- Stumpy Nubs Roubo Workbench
- Kings Fine Woodworking Workbench
- Crafted Workshop Workbench
I did think a lot about this because the easy and cheap solution was to build one of the benches on the list. But, I already had a lot of experience using a traditional Danish woodworking workbench and while I am sure all the workbenches on the list are grate workbenches they are all American style woodworking workbenches. And I just wanted what I already knew would work for me.
How I Got the Wood
I did have some hardwood. I got quite a few mahogany stair steps that had never been used back in, I think, 2009 for free. The dimension of the steps varied a bit, but they were about 70 x 30 x 5 cm. (27 x 12 x 2) inches.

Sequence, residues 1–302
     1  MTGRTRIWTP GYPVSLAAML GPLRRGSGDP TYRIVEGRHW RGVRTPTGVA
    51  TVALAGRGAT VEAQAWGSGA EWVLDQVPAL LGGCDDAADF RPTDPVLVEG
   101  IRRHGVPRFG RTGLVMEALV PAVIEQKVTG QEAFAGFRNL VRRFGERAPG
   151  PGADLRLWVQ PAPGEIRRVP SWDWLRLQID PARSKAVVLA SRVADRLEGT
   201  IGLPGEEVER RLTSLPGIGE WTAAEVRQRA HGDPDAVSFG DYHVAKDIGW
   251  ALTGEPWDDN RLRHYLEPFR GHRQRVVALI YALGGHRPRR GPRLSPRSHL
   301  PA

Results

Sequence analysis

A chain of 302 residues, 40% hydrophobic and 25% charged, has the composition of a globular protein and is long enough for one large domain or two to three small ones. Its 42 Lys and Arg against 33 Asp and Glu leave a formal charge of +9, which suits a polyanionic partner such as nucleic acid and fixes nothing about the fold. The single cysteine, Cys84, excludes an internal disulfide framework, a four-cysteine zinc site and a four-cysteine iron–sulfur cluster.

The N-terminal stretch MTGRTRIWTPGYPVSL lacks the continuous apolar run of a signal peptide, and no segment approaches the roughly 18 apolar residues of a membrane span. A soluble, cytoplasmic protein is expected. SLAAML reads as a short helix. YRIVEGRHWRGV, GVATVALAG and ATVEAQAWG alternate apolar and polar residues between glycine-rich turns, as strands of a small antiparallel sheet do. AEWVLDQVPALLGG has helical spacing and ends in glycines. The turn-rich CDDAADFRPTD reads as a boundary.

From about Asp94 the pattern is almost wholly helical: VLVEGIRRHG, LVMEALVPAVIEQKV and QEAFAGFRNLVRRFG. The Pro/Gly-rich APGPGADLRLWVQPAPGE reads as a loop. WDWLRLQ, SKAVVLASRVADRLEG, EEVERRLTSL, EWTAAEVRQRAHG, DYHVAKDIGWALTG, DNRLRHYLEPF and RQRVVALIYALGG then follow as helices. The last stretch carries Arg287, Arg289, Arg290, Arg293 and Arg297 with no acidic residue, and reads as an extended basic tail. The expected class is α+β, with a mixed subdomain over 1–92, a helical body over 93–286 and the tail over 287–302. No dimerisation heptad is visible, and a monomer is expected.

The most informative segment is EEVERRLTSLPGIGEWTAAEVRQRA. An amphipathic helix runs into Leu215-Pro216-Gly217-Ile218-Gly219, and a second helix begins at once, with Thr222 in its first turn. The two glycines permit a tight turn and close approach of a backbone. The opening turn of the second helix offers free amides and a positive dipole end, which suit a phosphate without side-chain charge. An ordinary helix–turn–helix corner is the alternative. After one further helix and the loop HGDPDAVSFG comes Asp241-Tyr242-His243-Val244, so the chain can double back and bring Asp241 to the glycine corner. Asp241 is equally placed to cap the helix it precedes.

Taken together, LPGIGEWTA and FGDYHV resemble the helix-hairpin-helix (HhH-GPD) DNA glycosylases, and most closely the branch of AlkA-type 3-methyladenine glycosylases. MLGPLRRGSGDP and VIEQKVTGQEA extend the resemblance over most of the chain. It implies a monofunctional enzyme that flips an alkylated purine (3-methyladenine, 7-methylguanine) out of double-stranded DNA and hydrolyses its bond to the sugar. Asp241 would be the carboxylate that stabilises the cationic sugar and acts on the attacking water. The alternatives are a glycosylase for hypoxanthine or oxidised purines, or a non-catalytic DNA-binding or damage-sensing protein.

My father-in-law is a volunteer and a local recycling center. This recycling center has its own thrift store. My family and I were visiting the store and I came across a dining table and a coffee table in oak with a very low price. After given it some thought I bought the two tables to make the workbench tabletop out of.
It was when I saw the two tables in the thrift store that I realized that combining the wood from the stair steps and the tables their wood properly be enough hardwood to make a workbench. This is when I realized that I could build a traditional Danish woodworking workbench on my budget. And that’s what I did.
I started the build by making the benchtop. I ripped the oak tables into strips of little over 7,5 cm. (3 inches) and started gluing them together. This way I would get a benchtop with a thickness of 7,5 cm. (3 inches).